Danish investigators have determined that an Airbus A320 crew’s aborting a landing, despite activating reverse-thrust, resulted in control difficulties as the aircraft climbed away with one engine’s reverser doors deployed.

Both pilots were aware that selecting reverse-thrust meant committing to land, but investigation authority Havarikommissionen states that each was “convinced” that the subsequent selection of go-around thrust would result in stowage of the reversers.

The TAP Air Portugal aircraft, inbound to Copenhagen from Lisbon on 8 April 2022, had conducted an approach to runway 30 in turbulence, rain and gusting conditions.

Tower controllers had requested that the A320 vacate the wet runway at taxiway D – a distance of 1,530m from the threshold – and the captain, who was flying, remarked to the first officer that this required full reverse-thrust.

The approach was stable and the thrust levers were retarded to idle during the flare, at about 10ft.

TAP A320 incident Copenhagen-c-Havarikommissionen

Source: Havarikommissionen

As the aircraft touched down, it bounced, causing a loss of weight-on-wheel signal

But the aircraft drifted slightly right of the centreline, then briefly banked 7.4° left. The left-hand main landing-gear made ground contact, with wheel spin-up, and as the aircraft started to de-rotate the crew activated maximum reverse-thrust.

The reversers began to deploy about 2s later when the engine control units on the CFM International CFM56 powerplants received a weight-on-wheels signal.

But the A320 bounced, momentarily cancelling the weight-on-wheels signal on the left-hand main gear. At the same time the captain – uneasy about the aircraft’s attitude – opted to abort the landing by advancing the thrust levers to go-around power.

Loss of the weight-on-wheels signal, at the moment the thrust levers were pushed forward, interrupted the stowing of the left engine’s reverser doors.

Although the right-hand main gear also lost its weight-on-wheels signal during the bounce, this occurred about 1s later, enough time to trigger reverser stowage on the right engine.

The inquiry states that, as a result, the aircraft began to climb away with its right engine spooling up to go-around thrust but its left engine still at idle, because its reverser doors were still deployed.

This asymmetric thrust presented the captain with “unanticipated difficulties” in controlling the aircraft.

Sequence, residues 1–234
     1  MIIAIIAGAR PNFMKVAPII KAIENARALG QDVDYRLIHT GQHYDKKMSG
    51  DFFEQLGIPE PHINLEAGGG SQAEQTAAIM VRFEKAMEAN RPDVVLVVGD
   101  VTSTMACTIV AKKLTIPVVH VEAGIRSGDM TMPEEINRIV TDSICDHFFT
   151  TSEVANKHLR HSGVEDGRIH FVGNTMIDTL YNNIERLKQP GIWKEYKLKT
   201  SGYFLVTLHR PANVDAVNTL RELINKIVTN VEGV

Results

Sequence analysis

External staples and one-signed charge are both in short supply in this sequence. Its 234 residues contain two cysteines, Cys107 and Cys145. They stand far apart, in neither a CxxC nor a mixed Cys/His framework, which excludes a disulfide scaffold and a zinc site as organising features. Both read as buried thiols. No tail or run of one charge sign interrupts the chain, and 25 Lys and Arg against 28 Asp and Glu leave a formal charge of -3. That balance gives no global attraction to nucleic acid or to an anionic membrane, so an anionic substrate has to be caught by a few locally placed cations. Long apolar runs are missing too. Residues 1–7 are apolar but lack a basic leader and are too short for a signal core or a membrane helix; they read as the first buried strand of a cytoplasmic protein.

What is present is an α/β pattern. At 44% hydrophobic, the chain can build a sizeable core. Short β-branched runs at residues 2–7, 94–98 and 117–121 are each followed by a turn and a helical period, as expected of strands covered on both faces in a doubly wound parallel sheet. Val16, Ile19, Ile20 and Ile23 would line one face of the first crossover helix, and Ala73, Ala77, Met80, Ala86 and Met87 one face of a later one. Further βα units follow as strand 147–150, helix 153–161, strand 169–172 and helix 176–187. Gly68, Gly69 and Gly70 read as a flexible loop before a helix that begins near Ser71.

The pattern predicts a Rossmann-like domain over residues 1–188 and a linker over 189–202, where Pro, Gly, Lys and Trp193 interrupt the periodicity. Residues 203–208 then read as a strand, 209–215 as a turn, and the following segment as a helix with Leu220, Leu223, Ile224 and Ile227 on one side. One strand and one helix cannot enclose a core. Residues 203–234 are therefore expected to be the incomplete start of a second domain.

It began to drift left of the centreline and the captain applied 55% of full right rudder during the climb.

“The unusual aircraft behaviour and lack of expected performance surprised the flight crew,” the inquiry states.

TAP A320 incident Copenhagen 2-c-Havarikommissionen

Source: Havarikommissionen

Surveillance cameras show the A320, its left reverser deployed, flying past the runway 12 glideslope antenna

Analysis shows that the aircraft pitched 8.8° nose-up as it became airborne and passed the left-hand runway edge. At 1,600m beyond the threshold it was 65m left of the centreline, at a height of just 11ft, and ascending at a low rate of climb.

The crew understood the situation after the first officer observed a ‘reverser unlocked’ alert for the left-hand engine, and confirmed it was operating at idle thrust.

At a height of 300ft the captain declared an emergency, and the crew performed actions in response to the reverser alert, including shutting down the left engine, before carrying out a single-engined approach to runway 22L, where it landed safely.

None of the 102 passengers and seven crew members was injured. The aircraft’s left-hand reverser doors were found to be deployed after it arrived at its parking stand.

According to the inquiry the captain had previously experienced a similar situation in 2019, after activating reverse-thrust prior to applying go-around power.

Both engines’ reversers initially stowed, but one of the reverser doors on the left-hand engine unlatched at 100ft – opening slightly but remaining locked by the actuator.

Unlocking of the door did not result in a reverse-thrust scenario, says the inquiry. The engine control unit commanded idle thrust to protect the affected engine and the crew shut the powerplant down.

Owing to the low severity level of this earlier occurrence, no formal safety investigation was conducted, and no technical conclusion was reached regarding the unlatching.